Regular Expression Capture Groups in Swift 3 on Linux

I re­cently de­cided to have a go at us­ing Swift. I’ve dabbled with Swift be­fore, run through the odd tu­tori­al but this time I wanted to ac­tu­ally use Swift to ac­com­plish something. I tend to in­tern­al­ize pro­gram­ming lan­guages far bet­ter that way. And since Swift is open source and touted to be a con­tender for a serv­er-side lan­guage, I wanted to try Swift on Linux.

As I got go­ing, I found I needed to use reg­u­lar ex­pres­sion cap­ture groups to find some parts of a string and then re­turn an ar­ray of those parts. In most mod­ern pro­gram­ming lan­guages, this would be a per­fectly straight­for­ward ex­er­cise. Nearly all pro­gram­ming lan­guages these days in­clude a reg­u­lar ex­pres­sion en­gine of some sort in their stand­ard lib­rar­ies and a little Googling will tell you all you need to know about the pe­cu­li­ar­it­ies of that lan­guage’s reg­u­lar ex­pres­sion syn­tax and the APIs for us­ing it. Swift, though, is a bit dif­fer­ent.

Swift’s own stand­ard lib­rary — by which I mean the in­cluded ob­jects and func­tions that are Swift from the ground up and are not de­rived from Ob­ject­ive-C pre­de­cessors — is ac­tu­ally quite small. It con­sists mostly of built-in types like Ar­rays and Strings. The rest of the stand­ard lib­rary, in­clud­ing the reg­u­lar ex­pres­sion en­gine, ac­tu­ally con­sists of bridges to Ob­ject­ive-C ob­jects. As far as I can tell, bridging to Ob­ject­ive-C ob­jects works just fine for the most part; Swift was de­signed, after all, to eas­ily in­ter­op­er­ate with Ob­ject­ive-C. But there are corner cases where frus­tra­tion flour­ishes.

To get star­ted, I found a Stack Over­flow an­swer which pro­posed the fol­low­ing Swift 3/Xcode 8 com­pat­ible func­tion for get­ting the match­ing sub­strings:

func matches(for regex: String, in text: String) -> [String] {
    do {
        let regex = try NSRegularExpression(pattern: regex)
        let nsString = text as NSString
        let results = regex.matches(in: text, range: NSRange(location: 0, length: nsString.length))
        return results.map { nsString.substring(with: $0.range) }
    } catch let error {
        print("invalid regex: \(error.localizedDescription)")
        return []
    }
}

The main idea here is to cast the Swift String in­to an Ob­ject­ive-C NSString. NSString could then give me the NSRange ob­jects that need to be passed to NSRegularExpression. This code does in­deed com­pile and ex­ecute cor­rectly on m⁠a⁠c⁠O⁠S us­ing Xcode 8.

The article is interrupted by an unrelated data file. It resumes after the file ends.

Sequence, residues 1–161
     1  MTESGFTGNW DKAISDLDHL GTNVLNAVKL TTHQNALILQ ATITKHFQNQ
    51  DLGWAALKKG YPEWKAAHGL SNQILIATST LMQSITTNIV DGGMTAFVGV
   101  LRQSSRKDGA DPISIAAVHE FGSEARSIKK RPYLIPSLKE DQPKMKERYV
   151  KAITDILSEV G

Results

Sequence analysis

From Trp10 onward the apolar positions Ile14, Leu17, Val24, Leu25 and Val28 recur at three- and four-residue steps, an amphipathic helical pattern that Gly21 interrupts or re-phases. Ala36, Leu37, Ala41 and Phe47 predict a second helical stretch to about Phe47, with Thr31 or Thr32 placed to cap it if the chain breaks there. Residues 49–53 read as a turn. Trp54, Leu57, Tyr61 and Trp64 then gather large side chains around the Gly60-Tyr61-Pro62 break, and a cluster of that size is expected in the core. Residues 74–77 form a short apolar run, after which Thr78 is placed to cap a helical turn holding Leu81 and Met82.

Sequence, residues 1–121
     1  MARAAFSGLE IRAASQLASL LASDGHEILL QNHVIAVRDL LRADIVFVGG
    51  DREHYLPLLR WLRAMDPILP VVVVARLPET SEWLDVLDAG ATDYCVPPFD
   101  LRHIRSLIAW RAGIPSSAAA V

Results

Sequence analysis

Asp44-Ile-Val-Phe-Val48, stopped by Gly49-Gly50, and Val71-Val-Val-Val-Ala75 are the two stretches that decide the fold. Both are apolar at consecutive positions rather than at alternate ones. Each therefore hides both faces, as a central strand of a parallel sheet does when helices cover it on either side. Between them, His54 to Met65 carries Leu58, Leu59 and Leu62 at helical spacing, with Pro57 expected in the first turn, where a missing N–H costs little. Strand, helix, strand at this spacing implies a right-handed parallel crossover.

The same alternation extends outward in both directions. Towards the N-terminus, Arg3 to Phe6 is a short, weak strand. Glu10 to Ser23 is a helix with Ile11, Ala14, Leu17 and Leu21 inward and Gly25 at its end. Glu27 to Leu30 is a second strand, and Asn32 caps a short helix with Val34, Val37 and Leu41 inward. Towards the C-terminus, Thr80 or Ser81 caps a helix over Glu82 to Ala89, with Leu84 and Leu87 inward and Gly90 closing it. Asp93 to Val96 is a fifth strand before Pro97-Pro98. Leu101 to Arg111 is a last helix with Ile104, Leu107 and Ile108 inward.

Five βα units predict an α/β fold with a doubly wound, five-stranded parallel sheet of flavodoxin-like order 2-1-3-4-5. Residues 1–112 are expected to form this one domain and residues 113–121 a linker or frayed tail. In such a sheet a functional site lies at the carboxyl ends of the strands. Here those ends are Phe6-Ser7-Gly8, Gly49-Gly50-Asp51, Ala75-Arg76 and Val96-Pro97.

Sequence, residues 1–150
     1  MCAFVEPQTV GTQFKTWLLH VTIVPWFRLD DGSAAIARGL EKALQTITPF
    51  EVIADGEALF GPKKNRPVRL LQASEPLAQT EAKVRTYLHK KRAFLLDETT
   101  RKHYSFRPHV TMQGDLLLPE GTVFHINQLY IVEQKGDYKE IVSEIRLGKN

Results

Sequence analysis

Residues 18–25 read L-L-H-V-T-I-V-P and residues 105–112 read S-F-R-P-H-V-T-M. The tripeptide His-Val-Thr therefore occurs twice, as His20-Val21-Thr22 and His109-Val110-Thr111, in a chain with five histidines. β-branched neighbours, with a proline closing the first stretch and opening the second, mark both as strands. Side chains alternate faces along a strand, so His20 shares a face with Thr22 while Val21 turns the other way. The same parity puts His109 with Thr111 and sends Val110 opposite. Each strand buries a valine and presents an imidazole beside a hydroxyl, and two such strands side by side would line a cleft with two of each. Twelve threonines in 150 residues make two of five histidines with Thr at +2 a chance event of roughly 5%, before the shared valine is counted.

On Linux, however, I im­me­di­ately ran in­to prob­lems. The first is that Swift would ab­so­lutely not al­low me to use the name NSRegularExpression; I had to use the munged name RegularExpression. (The idea seems to be that if there are Swift-nat­ive equi­val­ents — as String is a Swift-nat­ive equi­val­ent to NSString — then you can use the NS pre­fix to still refer to the Ob­ject­ive-C ver­sion. If there is not a Swift-nat­ive equi­val­ent — as is the case with NSRegularExpression — then you must al­ways re­move the NS pre­fix.)

func matches(for regex: String, in text: String) -> [String] {
    do {
        let regex = try RegularExpression(pattern: regex)
        let nsString = text as NSString
        let results = regex.matches(in: text, range: NSRange(location: 0, length: nsString.length))
        return results.map { nsString.substring(with: $0.range) }
    } catch let error {
        print("invalid regex: \(error.localizedDescription)")
        return []
    }
}

Once that was fixed, I got er­rors about miss­ing ar­gu­ments for RegularExpression and its matches meth­od. Adding the options ar­gu­ment to both calls was easy though it re­mains curi­ous that they would be re­quired on Linux but not on ma­cOS.

func matches(for regex: String, in text: String) -> [String] {
    do {
        let regex = try RegularExpression(pattern: regex, options: [])
        let nsString = text as NSString
        let results = regex.matches(in: text, options: [], range: NSRange(location: 0, length: nsString.length))
        return results.map { nsString.substring(with: $0.range) }
    } catch let error {
        print("invalid regex: \(error.localizedDescription)")
        return []
    }
}

The more vex­ing prob­lem was that I got an er­ror re­gard­ing the con­ver­sion of String to NSString: “cannot convert value of type 'String' to type 'NSString' in coercion”. Ini­tially, I as­sumed that NSString was simply not avail­able on Linux and I went down quite a rab­bit hole of try­ing to get an NSRange from String so that I could avoid us­ing NSString al­to­geth­er. It turns out, however, that do­ing so was un­ne­ces­sary. NSString is in­deed avail­able in Swift on Linux and al­though the type co­er­cion mys­ter­i­ously doesn’t work, in­stan­ti­at­ing an NSString manu­ally does:

func matches(for regex: String, in text: String) -> [String] {
    do {
        let regex = try RegularExpression(pattern: regex, options: [])
        let nsString = NSString(string: text)
        let results = regex.matches(in: text, options: [], range: NSRange(location: 0, length: nsString.length))
        return results.map { nsString.substring(with: $0.range) }
    } catch let error {
        print("invalid regex: \(error.localizedDescription)")
        return []
    }
}

I’m not sure why these dif­fer­ences, in par­tic­u­lar, ex­ist between com­pil­a­tion on the two plat­forms. The Linux ver­sion of the code does com­pile and run on ma­cOS with the sole ex­cep­tion of hav­ing to swap NSRegularExpression for RegularExpression.